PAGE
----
What Is Dysautonomia?

By james
Reviewed: Dr. Gromatzky
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Our autonomic nervous system is responsible for helping to ensure the inner workings of our bodies are operating as they should be. This means things like regulating our heart beat, our breathing, our blood pressure, our digestion, and so on. These are all things that we don’t have to actively think about in order for them to operate.

If something was to affect this system, then it can have a negative impact on the functioning of our bodies. In some instances, it can be very dangerous and it can bring the patient’s life to a premature end. Here we look at the condition in close detail, and the impact it can have on people’s lives.

1. Dysautonomia?

Dysautonomia is a blanket term for conditions that affect our autonomic nervous system. Dysautonomia is a relatively common condition, and around 70 million people are affected by it worldwide. The severity of the symptoms can range considerably, and it can be very dangerous in some cases.

It can also affect people of all ages and from all walks of life. The condition is not well understood and will often not be diagnosed. In addition to health risks, the condition can have a considerable negative impact on the patient’s quality of life. There are numerous different types, and numerous potential causes.


2. Causes

When dysautonomia happens, it is often down to another medical condition. These conditions are sometimes caused by an accident or a medical condition that damages the body. They can also be inherited, meaning the patient is born with the condition. They are also sometimes caused by degenerative diseases.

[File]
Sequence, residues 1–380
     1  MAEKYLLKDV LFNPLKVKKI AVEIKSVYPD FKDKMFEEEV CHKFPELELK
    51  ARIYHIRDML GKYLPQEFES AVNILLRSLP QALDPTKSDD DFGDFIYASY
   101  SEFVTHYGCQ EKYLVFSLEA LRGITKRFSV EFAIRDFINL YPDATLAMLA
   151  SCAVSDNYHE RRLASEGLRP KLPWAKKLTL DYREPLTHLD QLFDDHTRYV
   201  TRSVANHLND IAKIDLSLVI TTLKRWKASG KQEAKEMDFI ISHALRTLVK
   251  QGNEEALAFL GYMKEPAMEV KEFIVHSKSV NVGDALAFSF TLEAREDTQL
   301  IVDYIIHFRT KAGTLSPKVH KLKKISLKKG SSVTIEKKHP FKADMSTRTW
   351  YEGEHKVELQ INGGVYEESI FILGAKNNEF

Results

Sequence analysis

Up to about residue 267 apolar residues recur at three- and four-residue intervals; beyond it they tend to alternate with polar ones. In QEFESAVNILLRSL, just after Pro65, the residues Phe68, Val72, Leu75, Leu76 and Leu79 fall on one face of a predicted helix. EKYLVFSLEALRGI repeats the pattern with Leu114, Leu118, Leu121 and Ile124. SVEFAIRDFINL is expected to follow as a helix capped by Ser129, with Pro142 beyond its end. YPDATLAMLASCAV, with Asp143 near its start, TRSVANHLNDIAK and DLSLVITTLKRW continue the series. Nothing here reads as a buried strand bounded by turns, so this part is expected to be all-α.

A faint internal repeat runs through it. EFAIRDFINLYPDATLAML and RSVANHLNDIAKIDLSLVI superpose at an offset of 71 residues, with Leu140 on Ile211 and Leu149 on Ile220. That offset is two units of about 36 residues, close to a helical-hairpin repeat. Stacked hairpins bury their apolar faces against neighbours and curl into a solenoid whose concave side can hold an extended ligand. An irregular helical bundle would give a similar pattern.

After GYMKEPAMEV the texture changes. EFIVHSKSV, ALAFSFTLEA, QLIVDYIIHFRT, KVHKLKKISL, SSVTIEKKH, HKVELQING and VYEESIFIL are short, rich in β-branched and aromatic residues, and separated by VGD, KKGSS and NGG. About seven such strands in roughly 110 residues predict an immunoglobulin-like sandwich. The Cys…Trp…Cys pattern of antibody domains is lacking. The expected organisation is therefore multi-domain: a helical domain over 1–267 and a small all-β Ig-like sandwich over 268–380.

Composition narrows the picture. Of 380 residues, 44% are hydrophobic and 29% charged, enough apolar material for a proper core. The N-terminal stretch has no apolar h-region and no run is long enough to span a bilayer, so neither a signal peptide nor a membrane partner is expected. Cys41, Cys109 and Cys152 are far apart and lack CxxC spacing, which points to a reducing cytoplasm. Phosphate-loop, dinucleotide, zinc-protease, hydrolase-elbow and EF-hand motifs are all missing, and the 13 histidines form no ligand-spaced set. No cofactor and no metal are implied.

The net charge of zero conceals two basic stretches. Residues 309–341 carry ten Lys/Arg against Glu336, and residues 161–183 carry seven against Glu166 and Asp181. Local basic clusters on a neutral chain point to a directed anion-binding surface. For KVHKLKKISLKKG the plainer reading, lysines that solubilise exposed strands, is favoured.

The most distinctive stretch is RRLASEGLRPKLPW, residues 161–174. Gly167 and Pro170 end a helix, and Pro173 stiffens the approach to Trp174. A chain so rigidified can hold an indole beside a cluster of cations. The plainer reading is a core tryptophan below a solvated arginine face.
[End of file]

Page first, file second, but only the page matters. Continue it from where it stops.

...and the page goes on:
One potential cause of dysautonomia is Parkinson’s disease, which tends to happen in older people. It can also be caused by rheumatoid arthritis, and multiple sclerosis is another potential cause. Diabetes mellitus is another potential cause, as is celiac disease, which is a type of autoimmune condition that is triggered by gluten.

3. Neurocardiogenic Syncope

There are more than 15 types of dysautonomia, and neurocardiogenic syncope is the most common of them all. Indeed, it affects tens of millions of people around the globe. It takes place when mechanisms that help the blood to return back up the body fail.

This causes blood to pool in the ankles and feet, and it also causes a decrease in the flow of blood to the brain. The lack of blood flowing to the brain causes the patient to faint; a phenomenon that is known as syncope. Most of the time it is only mild and may happen only once or twice. At other times, fainting can be a regular occurrence, and this can have an impact on the patient’s quality of life.


4. Postural Orthostatic Tachycardia Syndrome

Postural orthostatic tachycardia syndrome is a condition that affects up to around 3 million people in America. Only around 20% of people with the condition are male, and it is more likely to affect people that have an existing autoimmune condition like multiple sclerosis.

Typical symptoms of the condition include a fast heart rate, fainting, and lightheadedness. Patients will also often be short of breath, and pains in the chest are also common. Shaking is another potential symptom and patients will also sometimes have an upset stomach. Patients can also become overly sensitive to hot and/or cold, and they can also tire from exercise more easily than usual.

5. Multiple System Atrophy

Multiple system atrophy is often mistaken for Parkinson’s disease to begin with due to the similarity of the symptoms. It affects 2 – 5 people in every 100,000, and most commonly affects people at around 55 years of age. There is little known about the condition, but we do know it is not contagious or hereditary.